When the queue for the next day starts to form - this is even before the play of the previous day has concluded - there are stewards marshalling the queue giving out numbered tickets. This is especially important in the overnight queues as people obviously need space to set up their tents, sleeping bags and deck chairs to get comfy for spending a night on the pavements of SW19. There are, in fact, two queues at Wimbledon, their final destination being at opposite sides of the grounds. One queue wraps round the hospitality tent village end of the grounds, crosses the road and goes up the hill at Church Road. The start of the other queue sees the other queue head towards it before it heads down the road towards Southfields underground station, but winds it way into the adjacent golf course which actually serves as the car park for the period of the championship.
The start of both queues is barricaded in, but after a while the queue just forms up along the pavement. This is why the numbered tickets are important. Further down the queues some people do actually attempt to jump into the queues that haven't braved the elements overnight or since the early hours. At certain points along the queue as it approaches the ticket office the order of the numbers is verified by stewards to ensure the queue is still in order. So queue jumpers are held until they should enter the queue.
The services provided to the queue are really quite good. The number on your ticket does of course mean that you can disappear for a while when nature calls, and your fellow queuers do not mind as long as you don't go away for too long. In fact they may get worried and send a search party into the portable toilet blocks if you are gone too long. In the morning the vendors start to turn up, and you can purchase your morning paper and strawberries for breakfast without having to leave the queue. You still have a long wait from when the queue does wake up and start to move forward, so share your paper with others - swap them and get full reports of yesterday's matches in different papers.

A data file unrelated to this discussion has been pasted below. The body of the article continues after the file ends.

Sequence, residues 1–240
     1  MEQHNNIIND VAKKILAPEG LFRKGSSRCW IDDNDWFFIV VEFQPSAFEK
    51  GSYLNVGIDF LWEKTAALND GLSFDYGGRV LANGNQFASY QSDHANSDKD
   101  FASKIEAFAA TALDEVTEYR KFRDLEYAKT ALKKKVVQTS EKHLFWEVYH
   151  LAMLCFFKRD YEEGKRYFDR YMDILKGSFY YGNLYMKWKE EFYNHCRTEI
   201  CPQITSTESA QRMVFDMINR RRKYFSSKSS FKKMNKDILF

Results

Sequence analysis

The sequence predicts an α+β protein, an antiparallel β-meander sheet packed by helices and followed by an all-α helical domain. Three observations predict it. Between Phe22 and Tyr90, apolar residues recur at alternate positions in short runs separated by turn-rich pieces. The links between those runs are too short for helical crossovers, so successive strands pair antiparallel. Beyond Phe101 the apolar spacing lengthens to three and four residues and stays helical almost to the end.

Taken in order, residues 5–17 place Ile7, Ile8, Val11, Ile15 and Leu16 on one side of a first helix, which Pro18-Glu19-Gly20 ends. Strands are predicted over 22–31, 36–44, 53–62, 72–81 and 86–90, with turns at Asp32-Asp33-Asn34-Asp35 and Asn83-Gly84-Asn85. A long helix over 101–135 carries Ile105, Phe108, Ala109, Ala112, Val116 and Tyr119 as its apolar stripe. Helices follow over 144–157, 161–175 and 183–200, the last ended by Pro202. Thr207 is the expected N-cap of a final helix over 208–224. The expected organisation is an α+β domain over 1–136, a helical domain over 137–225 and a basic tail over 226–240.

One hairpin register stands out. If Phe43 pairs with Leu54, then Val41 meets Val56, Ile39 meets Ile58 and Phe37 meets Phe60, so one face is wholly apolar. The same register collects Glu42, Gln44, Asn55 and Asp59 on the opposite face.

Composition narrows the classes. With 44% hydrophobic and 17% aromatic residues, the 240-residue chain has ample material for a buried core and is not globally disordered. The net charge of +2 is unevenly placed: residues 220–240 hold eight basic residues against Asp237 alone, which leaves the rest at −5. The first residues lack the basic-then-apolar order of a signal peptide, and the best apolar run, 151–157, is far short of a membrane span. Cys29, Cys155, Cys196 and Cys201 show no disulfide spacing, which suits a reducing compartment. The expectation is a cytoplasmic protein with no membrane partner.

The mentality of the queue is one of overriding friendship; your section of the queue has all been waiting for the same length of time. However, in that short space of time, you have developed a camaraderie that is somewhat unique at sporting events. So the enjoyment of your sporting day has starting from daybreak or earlier, and you're not really that tired when you finally get into your seat in the afternoon for the action to start.
If you are at one of the major tournaments there is bound to be corporate hospitality around in some form or other. If you are one of those who is lucky enough to be enjoying that hospitality there are some etiquette rules for you too:
Don't look down on those who may smell a little bit (especially at Wimbledon). You may have just turned up straight out of the taxi, but the others may have been queuing all night, or even all week, to get in to see their tennis. They are as much, or more likely more, of a tennis fan than you are.
Enjoy your host's hospitality by all means, but do try and get to see at least some of the tennis itself, as opposed to just watching it all on a big TV screen in the hospitality tent. It grates with members of the general public when the best seats are empty until the match gets to an exiting bit, when suddenly the hospitality tents empty rapidly.
Don't get too drunk - your boss may well have arranged this trip, or indeed be a fellow guest, and being drunk in charge of a hospitality pass is not a great career advancement move.
Dress the part, but don't wear a ridiculously large hat, as the people behind or beside you may actually want to watch some tennis.
But above all, enjoy yourself...